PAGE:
Even if low GI food reduces the spike in blood sugar, the total “load” of glucose entering the blood stream still has to be processed, which requires substantial amounts of the hormone insulin. Symptoms from high insulin levels include food cravings, fatigue and weight gain.
Prof Gannon suggests a more practical alternative to focusing on the low GI diet. “A more clinically relevant approach for dietary treatment of high blood sugar would be to limit dietary glucose,” says Gannon.
Put simply, people should eat less starchy carbohydrates, which get converted into glucose once ingested.
Professor Feinman agrees. His recent study demonstrated that restricting dietary carbohydrates should be the first approach to managing diabetes, over the low GI diet.
In addition, Professor Eric Westman and colleagues at Duke University Medical Centre NC, conducted a study in people with type-2 diabetes and showed that restricting dietary carbs led to greater improvements in blood sugar control and reduction/elimination of medications, compared to the low GI diet.
A marketing ruse?
GI is focused on “glucose” and overlooks other sugars like fructose, which is often added to sweeten foods in the form of refined cane sugar, corn syrup or fruit concentrates.
“The standard methodology for assessing GI is to utilise a glucose drink as the reference food,” says Rooney, “but the most common sugars added to products will contain significant levels of fructose. Therefore, if one is only measuring blood glucose response to a food you are missing out on a lot of the story.”
Fructose has a low GI (doesn’t spike blood glucose levels). Therefore, food manufacturers have been able to exploit this loophole.
Products can be sweetened with concentrates containing fructose and rewarded with a low GI symbol, essentially giving a “healthy halo” to highly processed sugary foods.
For example, low GI foods include Golden North Good ‘n Creamy Vanilla ice cream GI = 31, Sanitarium™ Up & Go™ Chocolate drink GI = 28 or Nestlé® Milo® Energy Dairy Snack GI = 45.
Even pure table sugar is marketed with the low GI symbol, CSR LoGICaneTM, claiming that it’s a “healthier” sugar.
“I am not convinced that by consuming a lower GI form of another refined sugar product, the health of an individual will be improved,” says Rooney.
“We need to shift away from a culture of adding refined sugars and seek enhancing the palatability of our diets by consumption of natural unrefined/minimally processed foods,” says Rooney. “In any policy that hopes to inform people on foods and drinks to maintain or improve glycaemic control, I think fructose has to be considered.”
Chronically high levels of fructose have been associated with fatty liver disease and diabetes.
When asked whether fructose sweetened drinks like Sanitarium™ Up & Go™ Chocolate drink were considered “healthy” because of their low GI symbols, Prof Brand Miller declined to comment.
“Just because a product is low GI, it does not mean it hasn’t got a sting in its tail,” says Power. “As a practitioner who counsels patients to reduce their sugar, sweetener and carbohydrate intake, I find products like Low GI sugar to be unhelpful, misleading and possibly harmful to patients. It should not be allowed.”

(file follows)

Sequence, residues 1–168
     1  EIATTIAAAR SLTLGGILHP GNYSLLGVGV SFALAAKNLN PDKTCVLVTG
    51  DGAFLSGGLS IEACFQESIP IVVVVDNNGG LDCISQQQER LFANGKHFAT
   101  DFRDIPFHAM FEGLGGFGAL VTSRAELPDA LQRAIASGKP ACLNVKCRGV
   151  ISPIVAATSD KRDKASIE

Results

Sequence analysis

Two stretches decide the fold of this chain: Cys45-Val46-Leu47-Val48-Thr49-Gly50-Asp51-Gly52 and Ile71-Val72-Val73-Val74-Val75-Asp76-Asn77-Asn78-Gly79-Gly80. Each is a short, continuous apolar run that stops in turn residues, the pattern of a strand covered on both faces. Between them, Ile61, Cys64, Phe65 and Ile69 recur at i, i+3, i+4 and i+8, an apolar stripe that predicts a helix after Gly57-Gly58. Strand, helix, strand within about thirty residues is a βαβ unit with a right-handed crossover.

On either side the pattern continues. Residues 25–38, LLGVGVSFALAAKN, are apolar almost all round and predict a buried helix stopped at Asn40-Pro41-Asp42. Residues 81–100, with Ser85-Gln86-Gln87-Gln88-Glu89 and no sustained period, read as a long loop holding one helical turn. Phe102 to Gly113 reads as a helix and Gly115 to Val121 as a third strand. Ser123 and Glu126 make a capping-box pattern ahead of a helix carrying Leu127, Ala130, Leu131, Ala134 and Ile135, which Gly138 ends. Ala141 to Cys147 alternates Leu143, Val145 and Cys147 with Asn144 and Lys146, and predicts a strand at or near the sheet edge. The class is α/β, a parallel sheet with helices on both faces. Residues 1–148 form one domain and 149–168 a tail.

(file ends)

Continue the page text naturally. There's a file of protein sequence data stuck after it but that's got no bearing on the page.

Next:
Who supports GI?
Despite Prof Brand-Miller’s defence of GI, official guidelines do not endorse low GI diets.
For example, Health Canada has stated that “the inclusion of the GI value on the label of eligible food products would be misleading and would not add value to nutrition labelling and dietary guidelines in assisting consumers to make healthier food choices.”
In response to the question of whether low GI foods are healthier, UK’s National Health Service (NHS) states
“using the glycaemic index to decide whether foods or combinations of foods are healthy can be misleading”.
Closer to home, our National Health and Medical Research Council (NHMRC) dietary guideline’s committee, also does not officially endorse the low GI diet. And despite the GI Foundation lobbying the NHMRC to change its mind, the response was a direct one;
“The Committee agreed that there was insufficient significant evidence to support change. It was noted that this is a physiologically based classification, with large variability and several limitations.”
Meanwhile, the GI Foundation, the University of Sydney and its high profile advocates continue to profit from the marketing of low GI foods.
Will the “Low GI symbol” suffer the same fate as the “Heart Foundation Tick” which was scrapped after consumers complained it was “health washing” highly processed, sugary foods?
What remains now, is a question of ethics.
Is it ethical to promote the health benefits of low GI labelling? At best, it provides little value to the consumer. At worst, it misleads them.
Dr Maryanne Demasi
Dr Maryanne Demasi is an investigative medical reporter with a PhD in Rheumatology.
You can read more about Dr Demasi’s work on her blog, or follow her on Twitter @MaryanneDemasi.
2 thoughts on “Dr Maryanne Demasi: What does “low GI” really mean?”
HAHAHAHA, healthy sugar. Oh yeah I want a pound of that. LOL
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This is where a glucometer or better still a CGM comes in. I have a significant overreaction to wheat, even worse for wheat mixed with other carbs. I also don’t do well with fruit other than berries and I can’t even be in the same room as a banana. Yet I know others who have the opposite reaction. Far too individual to predict from something as general as GI.